A number of makes of folding bicycles are available, often costing up to double the cost of a non-folding bicycle, for example the Rodriguez W2, the Ritchey, the Montague, the Dahon, the Bike Friday, or the Brompton. The advantage of these bikes is the often lower cost taking them on flights, and the convenience of transport in cars, trains and airplanes. This is particularly true of the ones with tiny wheels, that collapse in less than a minute. However, do you want to go on a bumpy cycle path or a multi-day trip on these tiny wheels? I have seen them on the road, and talked with their riders. In the judgement of these riders, they got the job done, but were slower and less stable and less comfortable than bigger wheeled bicycles.
The folding bikes with 26 inch or 700c wheels are road-worthy (and bike path worthy), but they must be disassembled to fit in a suitcase.
You can mount fenders or front and rear panniers on many folding bicycles, but then they will not fold into their suitcases.
What if you want to do a point to point trip with no easy way back to the starting point? It would not work out for you. (Well, you could pull the suitcase on a trailer behind your bicycle, perhaps loaded with your extra clothes, but this would be inconvenient and cumbersome, and require putting the trailer on the airplane at high expense or inconvenience.)
Given their advantages and disadvantages, folding bicycles seem best for fair-weather day trips and short loop trips: You would check into your hotel or hostel, friend's house or campground, leave the bicycle suitcase there, and take off by bike for the day unincumbered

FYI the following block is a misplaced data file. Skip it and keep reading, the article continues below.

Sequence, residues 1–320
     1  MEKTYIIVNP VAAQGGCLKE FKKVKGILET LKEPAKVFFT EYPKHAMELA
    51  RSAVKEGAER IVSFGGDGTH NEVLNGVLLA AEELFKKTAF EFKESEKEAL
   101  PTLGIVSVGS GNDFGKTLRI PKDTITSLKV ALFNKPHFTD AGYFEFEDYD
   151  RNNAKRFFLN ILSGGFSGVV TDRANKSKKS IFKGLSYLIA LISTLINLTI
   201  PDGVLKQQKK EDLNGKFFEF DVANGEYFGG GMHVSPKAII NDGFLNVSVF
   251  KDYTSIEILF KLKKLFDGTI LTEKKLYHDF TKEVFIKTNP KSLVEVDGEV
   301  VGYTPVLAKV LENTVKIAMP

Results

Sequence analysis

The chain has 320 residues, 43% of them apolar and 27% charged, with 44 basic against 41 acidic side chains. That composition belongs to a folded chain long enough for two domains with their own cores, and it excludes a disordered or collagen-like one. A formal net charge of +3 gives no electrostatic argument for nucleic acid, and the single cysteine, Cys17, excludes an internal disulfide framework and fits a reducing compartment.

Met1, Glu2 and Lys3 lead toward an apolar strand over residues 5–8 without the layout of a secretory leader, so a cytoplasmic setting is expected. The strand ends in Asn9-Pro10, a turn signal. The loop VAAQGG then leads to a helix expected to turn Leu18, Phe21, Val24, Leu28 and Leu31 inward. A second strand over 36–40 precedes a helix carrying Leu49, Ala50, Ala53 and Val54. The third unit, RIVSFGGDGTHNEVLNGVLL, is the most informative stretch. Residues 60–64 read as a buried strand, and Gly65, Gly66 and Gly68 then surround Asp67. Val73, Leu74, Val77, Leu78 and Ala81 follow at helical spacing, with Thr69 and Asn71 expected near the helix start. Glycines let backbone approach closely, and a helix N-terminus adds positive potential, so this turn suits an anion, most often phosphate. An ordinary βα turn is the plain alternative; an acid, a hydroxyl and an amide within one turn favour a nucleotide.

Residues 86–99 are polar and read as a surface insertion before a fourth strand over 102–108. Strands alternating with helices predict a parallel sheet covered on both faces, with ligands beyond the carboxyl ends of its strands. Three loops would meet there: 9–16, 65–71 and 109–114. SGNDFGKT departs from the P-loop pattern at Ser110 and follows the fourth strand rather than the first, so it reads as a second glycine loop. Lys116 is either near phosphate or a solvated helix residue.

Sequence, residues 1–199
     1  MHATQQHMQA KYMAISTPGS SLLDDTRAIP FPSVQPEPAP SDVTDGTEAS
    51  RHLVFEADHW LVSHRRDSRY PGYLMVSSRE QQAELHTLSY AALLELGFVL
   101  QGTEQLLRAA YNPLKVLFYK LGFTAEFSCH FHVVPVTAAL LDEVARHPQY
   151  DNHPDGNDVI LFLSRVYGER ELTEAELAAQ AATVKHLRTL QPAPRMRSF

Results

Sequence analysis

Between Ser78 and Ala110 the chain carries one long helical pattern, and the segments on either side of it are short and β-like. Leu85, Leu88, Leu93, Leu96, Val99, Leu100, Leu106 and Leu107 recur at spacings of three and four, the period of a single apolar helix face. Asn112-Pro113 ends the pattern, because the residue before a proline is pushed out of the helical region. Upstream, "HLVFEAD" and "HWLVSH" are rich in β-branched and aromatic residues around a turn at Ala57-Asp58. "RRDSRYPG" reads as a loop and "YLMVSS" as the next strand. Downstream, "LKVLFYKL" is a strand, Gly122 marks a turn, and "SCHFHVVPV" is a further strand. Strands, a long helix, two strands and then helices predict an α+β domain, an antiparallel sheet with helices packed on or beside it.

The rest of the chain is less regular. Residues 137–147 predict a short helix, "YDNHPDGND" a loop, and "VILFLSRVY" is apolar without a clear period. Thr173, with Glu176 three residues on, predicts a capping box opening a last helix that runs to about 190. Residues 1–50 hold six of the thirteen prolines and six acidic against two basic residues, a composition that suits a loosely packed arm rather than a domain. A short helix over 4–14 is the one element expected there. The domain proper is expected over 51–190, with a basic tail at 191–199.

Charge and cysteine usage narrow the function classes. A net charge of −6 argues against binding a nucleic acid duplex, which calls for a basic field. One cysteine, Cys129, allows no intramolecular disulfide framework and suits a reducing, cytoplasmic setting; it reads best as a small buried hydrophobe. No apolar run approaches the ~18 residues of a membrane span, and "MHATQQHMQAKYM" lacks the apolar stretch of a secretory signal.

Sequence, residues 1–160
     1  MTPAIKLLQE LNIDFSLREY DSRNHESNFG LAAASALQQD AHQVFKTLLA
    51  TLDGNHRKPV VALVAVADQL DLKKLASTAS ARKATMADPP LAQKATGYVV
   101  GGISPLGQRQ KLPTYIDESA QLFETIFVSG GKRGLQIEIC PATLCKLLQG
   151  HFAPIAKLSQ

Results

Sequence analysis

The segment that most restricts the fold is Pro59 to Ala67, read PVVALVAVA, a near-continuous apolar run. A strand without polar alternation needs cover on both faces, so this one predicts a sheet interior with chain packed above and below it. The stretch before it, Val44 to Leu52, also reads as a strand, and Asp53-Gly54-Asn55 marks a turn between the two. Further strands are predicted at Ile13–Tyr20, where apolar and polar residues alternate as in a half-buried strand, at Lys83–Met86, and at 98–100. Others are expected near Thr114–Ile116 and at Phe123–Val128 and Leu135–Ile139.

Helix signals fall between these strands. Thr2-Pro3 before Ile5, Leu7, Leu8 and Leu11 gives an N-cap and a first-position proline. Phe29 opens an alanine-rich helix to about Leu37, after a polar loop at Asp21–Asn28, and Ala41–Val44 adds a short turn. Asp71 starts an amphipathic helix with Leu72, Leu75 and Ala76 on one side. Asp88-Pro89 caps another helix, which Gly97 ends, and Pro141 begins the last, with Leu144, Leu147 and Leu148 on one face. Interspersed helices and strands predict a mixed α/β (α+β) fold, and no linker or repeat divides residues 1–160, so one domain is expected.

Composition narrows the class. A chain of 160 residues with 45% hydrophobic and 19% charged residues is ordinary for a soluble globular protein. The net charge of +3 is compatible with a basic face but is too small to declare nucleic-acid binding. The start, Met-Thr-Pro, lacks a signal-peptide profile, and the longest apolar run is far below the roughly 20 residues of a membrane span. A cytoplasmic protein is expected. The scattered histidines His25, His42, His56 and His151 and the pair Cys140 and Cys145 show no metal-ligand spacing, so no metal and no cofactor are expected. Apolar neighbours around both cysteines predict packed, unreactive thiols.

(If you are interested in the mathematics of bicycle speed and power, click here.)
There are now on the Internet many sites that do an excellent job of describing the benefits and pitfalls of various cycling compontents and bicycles. For this reason I add only a few comments of my own.
Tire Size and Wheel Size: For a very knowledgable presentation about choosing appropriate tires, tubes and wheel sizes for bicycle touring, please read my loose translation (with permission) of a French bicycle builder's web site. For a definitive account of wheel and tire sizes, please see this site: sheldonbrown.com/tire-sizing.html
The above site recommends 18 to 100 inches for heavy loads, sometimes off roads (a relationship of 5.5 to 1). Dividing by about 28 inches (700C wheels with large tires) for each turn of the pedals we have 2/3rds of a turn of the back wheel to 3 1/2 turns. Thus, for the lowest gear we have about 22 to 32 or 24 to 36, and for the highest about 42 to 12. I concur.
Spoke and Spoke Count, Rim Strength: Rims with 36 heavy duty 2mm (14 gauge) spokes are ideal, but rims with 32 medium weight spokes can suffice for light touring. Hub and rim technology keeps changing: The rims of today are far better than those of 20 years ago. Ask your bike shop if the rims and spokes of the bike you have, or are buying, are sufficiently strong.